“They’re girls alright,” Kord said suddenly, without looking up. The Sergeant’s deep voice instantly demanded attention. Alun and Cawks peered at him quizzically.

Kord looked up briefly, pointing to one of the marching sisters. “That one is, at least...”

Cawks erupted into filthy laughter, slapping Kord on the back, while the sniper merely shrugged.

Alun smiled with Cawks, but his mind was preoccupied by the Inquisitor’s battleship that loomed over the planet; a machine vast beyond easy comprehension. It was an omnious, persistant reminder that the Inquisitor was waiting on them. Alun stood up again, his voice taking on its authoritative aspect.

“Major Cawks. I want you to ready the men for departure. Kord, return to your Platoon; they are to cooperate with the sisters at all times. We’ll be leaving as soon as possible. Something tells me Rusarl is tired of waiting. Let’s see what’s got him so excited.”
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Re: The Year We Fell [40K Group story]

Postby Ghurlag » Thu Apr 18, 2013 5:44 pm

Nice, LL. You get a good sense of a war-weary regiment, and Balfayre as a generic heretic problem (which to the Imperium it is).

I didn't read it with an editor's eye, but I noticed 'private Castor' should be 'Private Castor' in the first line.

I agree on placement, sometime after the first chapter - probably around the 3rd, as the second chapter's not going to be very far past the first. It'd likely work at the start of that chapter.

As the misty veil of Albion is cast aside, we turn our gaze to the war-torn island of Albany, where the Red King vies with his former master for the control of a realm in dire threat.
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Re: The Year We Fell [40K Group story]

Postby Ghurlag » Thu Apr 18, 2013 11:43 pm

Madak


Madak fished the gold chain from the drawer and eyed it with some distaste. The golden 'T' had often struck him as the least inspired of all the various motifs the Council bestowed. 'T' for telepath. Even the open hand of the lower-order empaths had more style to it. Orders were orders, though. He slipped the ornament over his head and turned to examine himself in the mirror.

Aside from a slight fraying of the embroidery on his left sleeve, he looked fine. Well, not quite fine - the rich formal dress robes looked strange on him, there was no mistake about that. Airy, and easy to stumble in, exactly what should be avoided in the labs. He now felt an odd appreciation for the practical comfort of his normal working clothes. But he was presentable, and that was the key thing.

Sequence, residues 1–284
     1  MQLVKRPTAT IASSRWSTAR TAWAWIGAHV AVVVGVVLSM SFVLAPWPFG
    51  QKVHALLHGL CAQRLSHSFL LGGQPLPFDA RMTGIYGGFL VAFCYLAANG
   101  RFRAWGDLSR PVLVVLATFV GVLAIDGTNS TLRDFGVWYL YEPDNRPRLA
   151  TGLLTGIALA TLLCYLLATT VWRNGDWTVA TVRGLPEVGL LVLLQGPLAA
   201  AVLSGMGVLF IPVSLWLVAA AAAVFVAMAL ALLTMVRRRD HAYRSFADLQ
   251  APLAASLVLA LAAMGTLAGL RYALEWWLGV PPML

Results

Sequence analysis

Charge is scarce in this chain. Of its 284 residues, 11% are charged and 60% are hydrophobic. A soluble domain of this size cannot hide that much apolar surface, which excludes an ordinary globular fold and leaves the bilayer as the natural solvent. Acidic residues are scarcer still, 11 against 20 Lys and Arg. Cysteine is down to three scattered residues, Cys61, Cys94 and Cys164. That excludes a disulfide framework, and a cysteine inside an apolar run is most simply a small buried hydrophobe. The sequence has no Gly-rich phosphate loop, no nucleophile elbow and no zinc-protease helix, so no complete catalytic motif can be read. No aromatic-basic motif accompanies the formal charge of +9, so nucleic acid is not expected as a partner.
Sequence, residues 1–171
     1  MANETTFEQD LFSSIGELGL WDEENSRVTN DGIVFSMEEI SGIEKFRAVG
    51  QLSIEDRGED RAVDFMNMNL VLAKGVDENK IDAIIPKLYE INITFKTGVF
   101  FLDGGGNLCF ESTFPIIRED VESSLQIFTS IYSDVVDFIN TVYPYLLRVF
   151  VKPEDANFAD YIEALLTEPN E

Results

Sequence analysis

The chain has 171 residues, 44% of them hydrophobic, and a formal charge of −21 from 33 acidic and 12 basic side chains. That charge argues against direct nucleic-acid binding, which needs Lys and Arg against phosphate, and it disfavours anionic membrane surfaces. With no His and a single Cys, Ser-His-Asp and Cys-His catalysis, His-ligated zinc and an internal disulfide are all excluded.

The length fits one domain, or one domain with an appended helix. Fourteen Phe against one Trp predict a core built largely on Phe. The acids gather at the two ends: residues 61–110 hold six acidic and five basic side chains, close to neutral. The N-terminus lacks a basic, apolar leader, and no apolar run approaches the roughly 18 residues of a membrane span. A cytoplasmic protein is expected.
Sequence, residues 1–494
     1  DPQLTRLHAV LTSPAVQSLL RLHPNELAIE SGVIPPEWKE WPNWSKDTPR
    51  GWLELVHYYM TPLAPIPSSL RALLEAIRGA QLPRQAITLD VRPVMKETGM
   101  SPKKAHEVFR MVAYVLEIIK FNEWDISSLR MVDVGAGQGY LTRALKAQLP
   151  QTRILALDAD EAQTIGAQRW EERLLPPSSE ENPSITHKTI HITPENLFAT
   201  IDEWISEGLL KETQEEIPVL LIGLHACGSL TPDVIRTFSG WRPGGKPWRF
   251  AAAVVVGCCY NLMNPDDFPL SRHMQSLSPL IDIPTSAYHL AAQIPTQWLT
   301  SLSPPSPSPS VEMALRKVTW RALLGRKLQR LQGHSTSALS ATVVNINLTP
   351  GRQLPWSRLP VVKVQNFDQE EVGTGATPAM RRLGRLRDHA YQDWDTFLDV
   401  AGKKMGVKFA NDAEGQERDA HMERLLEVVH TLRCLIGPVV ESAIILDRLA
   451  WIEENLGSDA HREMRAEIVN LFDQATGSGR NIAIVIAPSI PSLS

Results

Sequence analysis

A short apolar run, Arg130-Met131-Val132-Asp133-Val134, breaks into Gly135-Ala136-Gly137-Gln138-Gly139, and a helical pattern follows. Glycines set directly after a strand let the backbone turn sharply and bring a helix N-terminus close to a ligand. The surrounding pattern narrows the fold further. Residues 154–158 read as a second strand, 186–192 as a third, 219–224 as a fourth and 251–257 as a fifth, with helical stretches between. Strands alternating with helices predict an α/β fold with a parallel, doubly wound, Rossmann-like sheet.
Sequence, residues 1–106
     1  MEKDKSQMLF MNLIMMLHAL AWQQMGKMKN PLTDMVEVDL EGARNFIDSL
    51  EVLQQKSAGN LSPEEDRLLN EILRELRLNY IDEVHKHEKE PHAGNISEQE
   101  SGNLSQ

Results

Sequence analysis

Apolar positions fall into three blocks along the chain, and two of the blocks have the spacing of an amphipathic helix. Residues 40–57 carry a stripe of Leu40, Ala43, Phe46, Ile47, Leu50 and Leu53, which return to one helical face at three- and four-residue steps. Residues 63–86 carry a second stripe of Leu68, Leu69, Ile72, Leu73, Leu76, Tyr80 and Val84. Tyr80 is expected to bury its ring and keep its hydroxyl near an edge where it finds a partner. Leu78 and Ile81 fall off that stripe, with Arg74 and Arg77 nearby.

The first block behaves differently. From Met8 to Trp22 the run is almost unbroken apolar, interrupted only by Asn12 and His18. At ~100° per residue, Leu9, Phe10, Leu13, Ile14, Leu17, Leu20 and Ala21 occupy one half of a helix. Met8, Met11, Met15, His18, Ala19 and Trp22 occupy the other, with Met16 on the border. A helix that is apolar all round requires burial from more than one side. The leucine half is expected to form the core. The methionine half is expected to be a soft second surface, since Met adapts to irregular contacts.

As if to defy that thought, a stray lock of dark hair caught his eye. He swept it back into place, knowing as he did so that it was a futile effort. By the time he reached the facility, it'd no doubt look as uncombed as any other day. It was rebellious stuff.

Checking his chronometer, he realised he was several minutes early. This was the jitters. The morning broadcasts had only reported that an Imperial dignitary was to deliver a message to Parliament, but it was obvious to every Seer that something important was going on behind the scenes. Few outside the Council knew what the hubbub last night had been about, but after the hurried instructions from Segehart this morning, Madak suspected that he soon might be getting some insight. He was abuzz with curiosity.

Seeking some calm, he turned to his view. The apartment's wide south-facing windows afforded him a view of the morning sun breaking across the Azati foothills. It was a great sight; soft, golden light playing over the wheat smallholdings -- so much more picturesque than the giant, flat cornfields of the agri-plains -- and interrupted only by a few scattered buildings, mostly unoccupied country houses belonging to Parliamentarians. Madak had lived in the city, and he had lived in the Seers' training caverns in the northern Belasian mountain range, and this suburban paradise was undoubtedly better than either. Whatever the prole opinion of them, Magos Anthemius and his team sure knew how to breed loyalty in their workforce.

A gentle chime sounded from the door. The groundcar was here.



Ertelt was the first person Madak saw when he arrived at the facility. He was facing away, bent over the front desk at the tasking office, tapping furiously at a data-slate.

"You're wanted in the reception hall," the empath related immediately upon Madak's entrance, putting down his stylus as he turned around. Ertelt didn't need to see you to know who you were.

"Now?"

"Not right now, they're setting up," said Ertelt, "but I think they'll want to do a run-through with you if they have time."

There was a pause as they both looked at each other.

"Emperor's bowels, we look weird," Ertelt commented. Madak pursed his lips and nodded in agreement. He'd never seen Ertelt not wearing his trademark stylish green shirts, but dammit, the man seemed to look snappy in anything. His robes, pinned by an open-hand brooch, looked brand new. Sure, they lacked the richness of embroidery that Madak's had, but what they lacked in ostentation they made up for with a distinct lack of fraying and a fresh-pressed cleanliness that spoke of the good laundry habits Madak had never acquired.